Nativity by Amanda Yskamp
West Coast Eisteddfod Online Short Story Competition 2018
They actually drew lots in the teachers’ lounge to see who would direct this year’s Nativity play. Rachel tried to assert the division of church and state, saying “Come on, you guys, in this day and age, you’d think,” but she was cut off by the sharp edge of “tradition.” Nor did her Jewishness save her, though she tried to play that card. Roger countered that he’d organized the latest bake sale, and he was gluten-free. Rachel said, “that is not even remotely the same thing.”
Now here she was, in the multi-purpose room, standing before a gathering of K-6 children, deciding who would play each role.
“Give me your best donkey bray!” She said. “Come on, now. Hee-Haw! Heeeee-Haaaaw!”
The assembled group brayed. Some of them also got down on the floor and kicked their legs back, knocking their neighbor.
Rachel had no idea what she was doing. She was, by title, the reading specialist, but what that usually meant was she came in to relieve teachers for an hour at a time, making the rounds through the school, so everyone had a chance to do their laminating, or whatever. The students knew her as “The Fun Lady” because she brought activities that tended to be colorful, often messy, revving the kids up so that, teachers complained, they were nearly impossible to calm, after. She was young, just out of grad school, and believed kids needed plenty of hands-on lessons, that silence and restrictions limited abstract thought and experimentation. Most of the kids ran up to her, when she came, “The Fun Lady’s here!” and if she was simply “Miss Rachel,” it didn’t bother her much that she didn’t rank a last name.
“Okay, let’s hear the bleating of sheep! Baaaa. Baaaaaaaa!” Rachel had the most ovinely adept students step to one side. By the time she got to the principle roles, The Innkeepers (one child would voice the repeated rejections), Joseph, and Mary, three of her most challenging students remained. How did that happen? Leon, who was prone to random rages, Enrique, who was all but mute he was so indrawn and sullen, and Maeve whose disfigured face caused her so much shame and bitterness, she trusted no one -- all cast her furtive looks, wondering what fresh hell she might have in store for them.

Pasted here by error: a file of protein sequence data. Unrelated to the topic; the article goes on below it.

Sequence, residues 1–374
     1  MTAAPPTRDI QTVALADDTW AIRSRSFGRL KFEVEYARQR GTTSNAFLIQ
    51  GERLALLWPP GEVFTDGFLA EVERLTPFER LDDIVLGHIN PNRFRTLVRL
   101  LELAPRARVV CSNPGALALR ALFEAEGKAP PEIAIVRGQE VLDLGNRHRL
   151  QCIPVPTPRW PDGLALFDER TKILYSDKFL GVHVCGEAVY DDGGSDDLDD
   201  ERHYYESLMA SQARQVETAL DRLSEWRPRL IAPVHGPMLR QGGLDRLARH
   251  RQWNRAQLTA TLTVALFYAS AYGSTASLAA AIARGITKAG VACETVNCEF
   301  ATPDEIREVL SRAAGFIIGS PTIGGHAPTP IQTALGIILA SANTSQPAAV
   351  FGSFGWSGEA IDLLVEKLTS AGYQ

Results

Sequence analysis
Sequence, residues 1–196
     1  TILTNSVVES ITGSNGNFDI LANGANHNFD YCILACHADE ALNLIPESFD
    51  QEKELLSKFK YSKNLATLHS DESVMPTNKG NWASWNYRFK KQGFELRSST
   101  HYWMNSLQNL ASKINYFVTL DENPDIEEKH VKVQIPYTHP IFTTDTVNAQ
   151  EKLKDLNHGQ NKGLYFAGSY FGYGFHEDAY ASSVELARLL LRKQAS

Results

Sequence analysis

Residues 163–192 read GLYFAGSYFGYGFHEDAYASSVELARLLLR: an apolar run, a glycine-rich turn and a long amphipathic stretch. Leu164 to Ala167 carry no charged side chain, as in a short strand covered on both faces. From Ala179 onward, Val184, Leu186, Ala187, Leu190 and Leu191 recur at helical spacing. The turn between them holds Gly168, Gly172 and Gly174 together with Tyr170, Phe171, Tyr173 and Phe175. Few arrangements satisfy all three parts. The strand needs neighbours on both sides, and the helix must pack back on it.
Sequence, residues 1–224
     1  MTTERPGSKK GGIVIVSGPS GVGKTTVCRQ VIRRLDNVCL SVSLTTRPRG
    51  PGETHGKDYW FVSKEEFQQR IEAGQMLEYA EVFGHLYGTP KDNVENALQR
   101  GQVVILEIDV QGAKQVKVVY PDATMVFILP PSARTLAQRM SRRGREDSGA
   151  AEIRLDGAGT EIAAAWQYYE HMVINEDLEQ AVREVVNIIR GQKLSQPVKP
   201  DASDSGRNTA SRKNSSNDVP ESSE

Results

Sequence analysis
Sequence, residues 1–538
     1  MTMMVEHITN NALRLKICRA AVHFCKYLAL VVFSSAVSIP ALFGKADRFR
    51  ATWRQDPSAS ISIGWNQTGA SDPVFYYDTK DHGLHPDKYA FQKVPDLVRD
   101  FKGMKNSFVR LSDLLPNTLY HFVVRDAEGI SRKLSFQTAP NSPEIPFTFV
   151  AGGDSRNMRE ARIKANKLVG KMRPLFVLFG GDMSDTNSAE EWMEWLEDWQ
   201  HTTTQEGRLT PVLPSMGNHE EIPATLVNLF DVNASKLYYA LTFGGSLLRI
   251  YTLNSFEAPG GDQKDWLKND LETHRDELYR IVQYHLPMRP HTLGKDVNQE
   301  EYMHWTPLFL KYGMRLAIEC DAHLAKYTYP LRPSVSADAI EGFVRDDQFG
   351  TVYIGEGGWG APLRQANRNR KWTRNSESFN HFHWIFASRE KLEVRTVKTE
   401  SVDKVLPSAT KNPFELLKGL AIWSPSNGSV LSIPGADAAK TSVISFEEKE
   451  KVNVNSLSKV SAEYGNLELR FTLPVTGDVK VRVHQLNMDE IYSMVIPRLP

“Now,” Rachel began, unsure of how to proceed. “Now. We have just three more parts and lucky for us, there’s the three of you!”
They shifted under scrutiny like the accused. She had just to say it: “Leon, you’ll be the Innkeeper, Enrique’s our Joseph, Maeve, our Mary,” but she hesitated. It occurred to her that she would be responsible for the creation of these children’s memories, that ten, twenty years from now, who knew, maybe their whole lives, Maeve would say, I was cast as Mary in 4th grade, or Enrique would have echoes of identification with Joseph, with unanticipated meaning resounding. She was going to ask these young people to take on key roles in Christian civilization, and what might that mean to a future reckoning?
“Miss Rachel,” Eddie, one of the Wise Men, said.
Jogged out of her reverie, Rachel assigned the last roles, handed out scripts, and dismissed the group.
At the first real practice, Rachel faced the difficulty of keeping the nonspeaking characters occupied while she worked with the others.
“Good afternoon, young thespians. We are about to embark on a dramatic adventure together, one based on the illusion that you are not who you normally are, not Renata or Rain or Stanley, but the characters of an entirely different time, more than 2,000 years ago, in an entirely different place, more than 7,000 miles from here.” She knew from experience that kids were impressed by large numbers.
“How do we do it? Now I know this may be a bit much for you to understand, but there are several different schools of acting.” She’d read up on this the night before. Might as well treat her actors with respect, right? “There’s the Chekhovian method, invented by Michael Chekhov, we’ll use that for the manger animals. It says that your physical expressions and actions should always come from an inner state.”
Rachel was met by stares. The children had stopped mooing and neighing and stood there, heads cocked like confused retrievers.
“What I mean is, you guys are animals on a winter night in Bethlehem. What are you thinking? What are you feeling? How does that make you stand and move?
One of the donkeys raised her hand/hoof.
“When I’m cold, like when I’m at the bus stop waiting, waiting, waiting, I sometimes like to dance to keep warm,” and she showed the group how.
“No, no, don’t do it now! Oh boy,” Rachel said. All of the manger animals had launched an impromptu ungulate dance party.
“Hold on guys. Wait a second. This is Bethlehem, remember. It doesn’t get that cold. You’re animals, used to living outside or in a barn. What I want you to imagine is how it might feel when these humans come into your barn and lie down on your hay. You don’t know it yet, but maybe you get a hint that something amazing is about to happen. How does an animal, a goat, a donkey, show that?” But the kids were still dancing. Rachel realized it was a lost cause.
“All right, all barnyard animals move to the back of the room. I’ll be sure to work in a dance number, so figure out your moves, okay? Angie, you’re in charge. But quietly. Quietly.”
The group moved to the back and worked on a kind of 4-legged cancan.
Rachel asked the three wise men and Clive -- who volunteered to be the star of Bethlehem because he had the perfect costume at home -- to go to another corner to practice their lines using the method acting technique.
“Try to connect with your experience. Have you ever seen a newborn baby?”
Rachel spoke through the many voices piping, “I have!” “I have!” “Teacher, I have!” “My baby sister’s a baby!”
“And what a miracle they are, right? Try to get into that state of mind.”